The device shown in FIGS. 1 and 2 is operated as follows. In the starting position shown in FIG. 1 a reception position 9 is located aligned with the containers 1 of the supply mechanism 2. The supply mechanism 2 can e.g. contain a conveyor belt 13, which conveys the individual containers 1 in a dense sequence in the direction of the transfer mechanism 3. The leading container 1 in the conveying direction enters the receptacle 9 of the cycle star 8. The servodrive is then controlled in such a way that the servomotor 12 rotates the cycle star 8 by 60° in the direction of the arrow. The servomotor 12 remains in this position and so does the cycle star 8. A container 1 is now in the filling position of the filling station 4 and a second container 1 stands on the balance 5. The servomotor 12 is now rotated rearwards by an angle of e.g. 2°, i.e. in the opposite direction to the arrow 11. Optionally there can then be a short forward rotation of e.g. 1°. The container 1 in the filling station 4 and the container 1 on the balance 5 remain standing, so that as a result of the reverse rotation the gripper 10 and the rear edge of the reception position 9 in the circumferential direction are not in contact and therefore not in engagement with the outside of the container 1.
As the edge of the reception positions 9 is circular with a diameter larger than the circular diameter of the container 1, during the forward movement the container 1 is only in engagement with the reception positions 9 in the vicinity of its rear side in the movement direction. Due to the reverse rotation the container 1 is disengaged on all sides from the cycle star 8 and the servomotor 12 stops in this position. One container 1 can be filled and a second container weighed. It would be conceivable to perform the weighing process directly in the filling station, because also the container there is not in engagement with the transfer mechanism 3.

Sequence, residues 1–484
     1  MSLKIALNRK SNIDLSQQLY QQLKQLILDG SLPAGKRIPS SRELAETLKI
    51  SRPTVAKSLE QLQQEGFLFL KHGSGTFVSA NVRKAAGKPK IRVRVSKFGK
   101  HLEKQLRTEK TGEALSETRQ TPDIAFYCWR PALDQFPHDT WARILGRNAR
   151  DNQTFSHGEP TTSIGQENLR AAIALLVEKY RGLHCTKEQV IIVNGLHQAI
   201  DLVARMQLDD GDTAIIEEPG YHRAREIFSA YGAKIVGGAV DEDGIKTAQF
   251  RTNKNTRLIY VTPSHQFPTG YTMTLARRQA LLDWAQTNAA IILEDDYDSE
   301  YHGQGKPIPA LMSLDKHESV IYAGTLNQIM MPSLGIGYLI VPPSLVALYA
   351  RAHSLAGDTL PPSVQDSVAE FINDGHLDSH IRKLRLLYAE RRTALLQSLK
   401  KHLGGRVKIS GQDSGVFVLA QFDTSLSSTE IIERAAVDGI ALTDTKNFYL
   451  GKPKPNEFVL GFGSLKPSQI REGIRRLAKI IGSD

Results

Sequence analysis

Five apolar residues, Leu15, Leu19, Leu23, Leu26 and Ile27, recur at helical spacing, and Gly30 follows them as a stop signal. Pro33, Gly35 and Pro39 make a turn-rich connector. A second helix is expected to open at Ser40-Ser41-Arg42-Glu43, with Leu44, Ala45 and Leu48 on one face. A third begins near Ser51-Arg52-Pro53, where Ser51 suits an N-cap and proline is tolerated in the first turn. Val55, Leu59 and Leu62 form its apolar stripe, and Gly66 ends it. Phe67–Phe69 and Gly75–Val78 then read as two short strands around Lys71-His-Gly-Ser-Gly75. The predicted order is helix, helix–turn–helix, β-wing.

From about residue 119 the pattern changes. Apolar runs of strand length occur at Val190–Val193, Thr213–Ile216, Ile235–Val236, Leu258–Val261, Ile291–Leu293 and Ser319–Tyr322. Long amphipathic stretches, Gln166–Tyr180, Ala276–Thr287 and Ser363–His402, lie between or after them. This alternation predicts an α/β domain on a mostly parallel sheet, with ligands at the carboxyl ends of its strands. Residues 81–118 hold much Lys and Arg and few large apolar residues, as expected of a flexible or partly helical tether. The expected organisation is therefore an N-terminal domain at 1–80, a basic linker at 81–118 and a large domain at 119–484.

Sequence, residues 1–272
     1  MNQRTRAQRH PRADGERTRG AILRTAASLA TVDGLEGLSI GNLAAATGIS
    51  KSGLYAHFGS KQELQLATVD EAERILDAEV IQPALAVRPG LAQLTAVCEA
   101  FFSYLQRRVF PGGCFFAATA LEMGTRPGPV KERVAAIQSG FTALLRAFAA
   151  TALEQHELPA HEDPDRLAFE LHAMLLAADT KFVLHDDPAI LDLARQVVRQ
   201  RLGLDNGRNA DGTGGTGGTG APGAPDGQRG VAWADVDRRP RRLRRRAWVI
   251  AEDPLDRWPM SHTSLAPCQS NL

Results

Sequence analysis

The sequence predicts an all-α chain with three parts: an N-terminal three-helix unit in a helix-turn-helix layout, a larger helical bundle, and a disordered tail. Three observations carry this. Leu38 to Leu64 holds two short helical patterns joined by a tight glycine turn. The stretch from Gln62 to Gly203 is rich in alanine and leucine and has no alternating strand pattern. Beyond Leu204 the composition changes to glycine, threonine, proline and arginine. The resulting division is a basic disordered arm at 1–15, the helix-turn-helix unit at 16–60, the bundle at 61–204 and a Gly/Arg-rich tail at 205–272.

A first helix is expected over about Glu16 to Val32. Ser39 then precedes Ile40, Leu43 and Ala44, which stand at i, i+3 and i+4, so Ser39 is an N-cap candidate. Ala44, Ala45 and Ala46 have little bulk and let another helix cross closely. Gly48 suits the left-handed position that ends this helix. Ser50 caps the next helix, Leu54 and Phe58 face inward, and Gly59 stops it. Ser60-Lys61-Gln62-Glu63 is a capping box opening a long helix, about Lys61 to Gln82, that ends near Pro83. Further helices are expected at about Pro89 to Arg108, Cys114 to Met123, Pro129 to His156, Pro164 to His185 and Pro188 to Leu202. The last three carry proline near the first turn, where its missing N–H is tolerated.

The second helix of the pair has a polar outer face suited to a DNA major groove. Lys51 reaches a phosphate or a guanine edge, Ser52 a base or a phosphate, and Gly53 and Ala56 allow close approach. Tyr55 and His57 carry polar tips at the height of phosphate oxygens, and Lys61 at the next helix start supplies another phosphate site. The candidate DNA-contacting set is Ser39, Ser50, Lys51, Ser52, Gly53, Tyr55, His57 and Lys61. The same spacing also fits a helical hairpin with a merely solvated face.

After filling one container and weighing the other, the servomotor 12 is again rotated by 60° in the forward direction, so that the last weighed container 1 passes into the delivery position 6 and the last filled container 1 onto the balance 5. The servomotor 12 is then rotated rearwards by a small amount, so as to disengage the transfer mechanism 3 from the containers. The container in the delivery position 6 can then be transported away by the drive of the removal mechanism 7, which can also contain a conveyor belt 14.
FIG. 2 shows a receptacle 19 with the associated gripper 10 in a particular position and simultaneously the receptacle in a position rotated back by a small angle, represented by the apostrophes after the reference numerals.
According to the invention, the control of the servomotor 12 can be so constructed that this reverse and subsequent forward rotation can be repeated several times, which leads to a vibration of the container or its content. Thus, freely flowing material can be vibrated back into the container, which eliminates bridging and arching and the material is settled in the container. The vibrating process can be carried out on a mechanism having no balance, but can also be performed on a filling mechanism with balance. Thus, it is e.g. possible to carry out vibration prior to weighing, i.e. initially a multiple rotating backwards and forwards of the servomotor with a following freeing by a reverse rotation.
For vibration purposes it is also possible to reverse rotate e.g. by an angle of 1° and subsequently carry out a forward rotation by 1.5°, this being repeated several times.
The use of a transfer mechanism with the aid of a servodrive makes it possible to achieve freely adjustable and rapidly modifiable division steps, thereby saving mechanically complicated cyclic gears.
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|U.S. Classification||141/79, 141/83, 177/145, 141/1, 141/168, 141/129, 141/12|
|International Classification||B65B43/50, B65B3/28, B65B3/04|
|Jun 10, 1996||AS||Assignment|
Owner name: OPTIMA-MASCHINENFABRIK DR. BUHLER GMBH & CO., GERM
Free format text: ASSIGNMENT OF ASSIGNORS INTEREST;ASSIGNOR:BURKART, ULRICH;REEL/FRAME:007979/0460
Effective date: 19960303
|Nov 15, 2001||REMI||Maintenance fee reminder mailed|
|Apr 22, 2002||LAPS||Lapse for failure to pay maintenance fees|
|Jun 18, 2002||FP||Expired due to failure to pay maintenance fee|
Effective date: 20020421